Network Working Group                                         C. Malamud
Request for Comments: 1529                 Internet Multicasting Service
Obsoletes: 1486                                                  M. Rose
Category: Informational                     Dover Beach Consulting, Inc.
                                                            October 1993

           Principles of Operation for the TPC.INT Subdomain:
               Remote Printing -- Administrative Policies

Status of this Memo

   This memo provides information for the Internet community.  It does
   not specify an Internet standard.  Distribution of this memo is


   This document defines the administrative policies for the operation
   of remote printer facilities within the context of the
   subdomain.  The document describes different approaches to resource
   recovery for remote printer server sites and includes discussions of
   issues pertaining to auditing, security, and denial of access.

   The technical procedures for remote printing are defined in [1]. The
   general principles of operation for the subdomain are defined
   in [2].  An overview of the remote printing facility is returned when
   electronic mail is sent to

Overview of Remote Printing in the TPC.INT Subdomain

   The remote printing facility allows a user to image documents on a
   remote printer, defined as a G3-compatible facsimile device connected
   to the public telephone network.  The user sends electronic mail to
   an address which includes the phone number associated with the target
   G3-compatible facsimile device.  Using the Domain Name System, the
   Internet message-handling infrastructure routes the message to a
   remote printer server, which provides access to devices within a
   specified range of the telephone system numbering plan.  The message
   is imaged on the target remote printer and an acknowledgement is sent
   back to the initiator of the message.

   The remote printing facility is concerned with outreach, integrating
   the e-mail and G3-compatible facsimile communities into a common
   communications environment. By providing easy access to remote
   printing recipients, enterprise-wide access is enhanced, regardless
   of the kind of institution (e.g., commercial, educational, or
   government), or the size of institution (e.g., global, regional, or

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RFC 1529       Remote Printing -- Administrative Policies   October 1993

   local).  Remote printing allows an organization to make it easier for
   electronic mail users to communicate with the personnel in the
   organization who are users of G3-compatible facsimile but not e-mail,
   providing a valuable bridge between the two types of technology.

Models of Operation for Remote Printing Servers

   Remote printer servers in the subdomain consume resources
   that are typically recovered from neither the initiator nor the
   recipient of the remote printing service.  Owing to a lack of
   widespread authentication facilities in the Internet and connected
   message handling domains, it is not currently possible to identify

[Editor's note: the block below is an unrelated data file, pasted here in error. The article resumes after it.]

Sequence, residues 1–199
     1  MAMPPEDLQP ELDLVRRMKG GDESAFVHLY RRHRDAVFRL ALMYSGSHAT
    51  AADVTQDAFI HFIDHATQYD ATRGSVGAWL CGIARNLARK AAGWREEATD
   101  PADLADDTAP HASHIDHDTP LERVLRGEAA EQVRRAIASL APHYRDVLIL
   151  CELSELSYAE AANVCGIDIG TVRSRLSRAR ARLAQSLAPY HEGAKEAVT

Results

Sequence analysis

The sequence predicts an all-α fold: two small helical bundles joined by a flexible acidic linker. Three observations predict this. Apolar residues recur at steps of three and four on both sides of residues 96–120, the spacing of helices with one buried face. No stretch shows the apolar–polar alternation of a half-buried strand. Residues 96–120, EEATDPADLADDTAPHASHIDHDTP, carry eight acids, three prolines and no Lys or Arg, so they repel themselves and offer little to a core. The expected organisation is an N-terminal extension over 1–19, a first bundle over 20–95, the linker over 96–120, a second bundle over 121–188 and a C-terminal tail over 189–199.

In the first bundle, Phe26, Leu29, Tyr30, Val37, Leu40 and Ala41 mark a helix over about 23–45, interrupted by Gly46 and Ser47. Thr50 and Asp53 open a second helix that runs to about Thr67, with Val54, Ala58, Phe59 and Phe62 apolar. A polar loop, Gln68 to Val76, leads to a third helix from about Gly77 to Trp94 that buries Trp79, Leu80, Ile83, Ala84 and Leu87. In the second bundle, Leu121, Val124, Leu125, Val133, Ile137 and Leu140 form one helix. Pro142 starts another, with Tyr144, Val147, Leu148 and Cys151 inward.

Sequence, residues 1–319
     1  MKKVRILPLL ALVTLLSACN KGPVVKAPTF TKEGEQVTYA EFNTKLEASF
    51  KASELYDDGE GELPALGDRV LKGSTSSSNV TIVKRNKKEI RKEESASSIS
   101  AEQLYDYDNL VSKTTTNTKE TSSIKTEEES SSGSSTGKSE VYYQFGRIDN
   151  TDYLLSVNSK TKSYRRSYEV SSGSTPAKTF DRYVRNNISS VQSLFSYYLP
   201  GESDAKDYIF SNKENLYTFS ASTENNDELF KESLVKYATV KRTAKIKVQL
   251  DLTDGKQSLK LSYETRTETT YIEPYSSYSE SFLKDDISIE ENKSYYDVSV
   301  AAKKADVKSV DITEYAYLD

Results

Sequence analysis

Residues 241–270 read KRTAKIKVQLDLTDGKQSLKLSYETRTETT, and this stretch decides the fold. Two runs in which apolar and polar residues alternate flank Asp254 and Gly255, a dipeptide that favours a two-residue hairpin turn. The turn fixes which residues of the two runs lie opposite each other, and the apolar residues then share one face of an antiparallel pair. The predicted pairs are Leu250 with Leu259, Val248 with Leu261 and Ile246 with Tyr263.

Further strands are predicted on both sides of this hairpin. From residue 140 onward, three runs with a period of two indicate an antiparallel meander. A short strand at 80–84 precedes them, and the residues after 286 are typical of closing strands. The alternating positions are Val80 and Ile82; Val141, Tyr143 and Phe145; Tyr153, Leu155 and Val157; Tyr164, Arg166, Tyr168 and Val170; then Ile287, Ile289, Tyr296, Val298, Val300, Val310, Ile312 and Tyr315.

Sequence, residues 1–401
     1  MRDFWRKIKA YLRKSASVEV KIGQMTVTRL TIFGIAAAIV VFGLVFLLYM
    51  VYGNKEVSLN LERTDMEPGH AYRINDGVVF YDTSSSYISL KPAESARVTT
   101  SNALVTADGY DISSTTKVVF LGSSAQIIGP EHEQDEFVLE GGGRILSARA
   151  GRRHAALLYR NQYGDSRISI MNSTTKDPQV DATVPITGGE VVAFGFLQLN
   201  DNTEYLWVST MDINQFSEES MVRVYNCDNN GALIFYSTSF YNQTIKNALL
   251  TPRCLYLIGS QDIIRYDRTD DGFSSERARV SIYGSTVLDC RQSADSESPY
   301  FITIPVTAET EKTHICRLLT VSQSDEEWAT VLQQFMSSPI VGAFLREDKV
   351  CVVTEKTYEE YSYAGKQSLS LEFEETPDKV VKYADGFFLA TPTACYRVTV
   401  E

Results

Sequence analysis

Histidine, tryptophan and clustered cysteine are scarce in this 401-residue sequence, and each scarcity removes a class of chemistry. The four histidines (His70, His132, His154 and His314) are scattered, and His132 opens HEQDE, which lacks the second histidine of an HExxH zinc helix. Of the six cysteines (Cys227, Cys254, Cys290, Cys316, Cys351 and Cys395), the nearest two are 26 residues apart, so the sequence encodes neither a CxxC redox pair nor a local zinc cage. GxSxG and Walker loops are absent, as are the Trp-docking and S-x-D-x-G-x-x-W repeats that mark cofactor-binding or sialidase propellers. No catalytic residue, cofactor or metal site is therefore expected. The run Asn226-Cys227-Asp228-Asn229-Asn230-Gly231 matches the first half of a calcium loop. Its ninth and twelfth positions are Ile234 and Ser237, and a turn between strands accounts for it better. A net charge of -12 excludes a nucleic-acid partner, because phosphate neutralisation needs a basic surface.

the initiator with certainty.  Since the request was not initiated by
   the recipient, it is inappropriate for a remote printer gateway to
   accept a request and then attempt to charge the receiver of the
   message before imaging the document on the remote printer.

   Several models of resource recovery for remote printer operation are
   possible in the subdomain:

      Community Library Model
      Neighborhood Grocery Model
      Local Newspaper Model

   In the Community Library model, an organization would register a
   remote printer gateway willing to place calls to all devices located
   within the organization's telephone system.  Other operators may
   determine that the costs of servicing the immediate vicinity (or even
   a larger area) are minimal and register to serve a portion of the
   telephone address space as a community service.

   The Community Library model can apply to a neighborhood, or to an
   organization such as a government R&D Center, a university, or a
   corporation.  The library model does not recover costs from the
   particpants, but runs the remote printer as a community service.

   In the Neighborhood Grocery model, a commercial organization
   contracts with specific end users, offering to register their
   individual fax numbers in the namespace.  This service bureau model
   could be conducted with or without cost recovery from the owner of
   the remote printer device.

   The Local Newspaper model recovers the resources needed to operate
   the remote printer service from a third party not directly connected
   with the message exchange. When a document is successfully imaged on
   a remote printer, there are two actions that result.  First, a cover
   sheet is constructed and prepended to the document imaged on the
   remote printer.  Second, a notification is sent back to the

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RFC 1529       Remote Printing -- Administrative Policies   October 1993

   initiator.  An Internet site running a remote printer server
   registered in the subdomain is permitted to acknowledge a
   sponsor in both cases.

   Specifically, up to one-third of the area of the cover sheet may be